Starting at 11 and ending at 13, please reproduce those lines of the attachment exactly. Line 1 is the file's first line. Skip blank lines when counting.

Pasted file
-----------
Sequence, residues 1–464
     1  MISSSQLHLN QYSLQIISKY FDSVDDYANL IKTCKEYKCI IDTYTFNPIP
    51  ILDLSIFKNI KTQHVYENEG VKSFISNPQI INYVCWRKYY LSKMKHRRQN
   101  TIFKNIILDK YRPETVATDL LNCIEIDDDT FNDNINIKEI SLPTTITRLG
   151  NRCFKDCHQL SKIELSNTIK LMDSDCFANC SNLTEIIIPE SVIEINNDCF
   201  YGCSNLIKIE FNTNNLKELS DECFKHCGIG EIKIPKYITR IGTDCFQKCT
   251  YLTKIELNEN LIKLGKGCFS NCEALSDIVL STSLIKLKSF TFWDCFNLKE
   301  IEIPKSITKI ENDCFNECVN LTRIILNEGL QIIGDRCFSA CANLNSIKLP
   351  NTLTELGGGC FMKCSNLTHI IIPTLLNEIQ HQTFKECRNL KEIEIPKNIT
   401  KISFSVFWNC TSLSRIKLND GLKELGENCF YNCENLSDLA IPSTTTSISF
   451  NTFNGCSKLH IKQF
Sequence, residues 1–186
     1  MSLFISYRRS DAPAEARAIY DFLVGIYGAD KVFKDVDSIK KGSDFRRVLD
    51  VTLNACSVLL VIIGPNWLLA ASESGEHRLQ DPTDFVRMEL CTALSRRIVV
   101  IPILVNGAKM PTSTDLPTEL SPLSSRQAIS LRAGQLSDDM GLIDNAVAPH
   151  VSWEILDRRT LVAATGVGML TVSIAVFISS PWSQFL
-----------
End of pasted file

   451  NTFNGCSKLH IKQF
Sequence, residues 1–186
     1  MSLFISYRRS DAPAEARAIY DFLVGIYGAD KVFKDVDSIK KGSDFRRVLD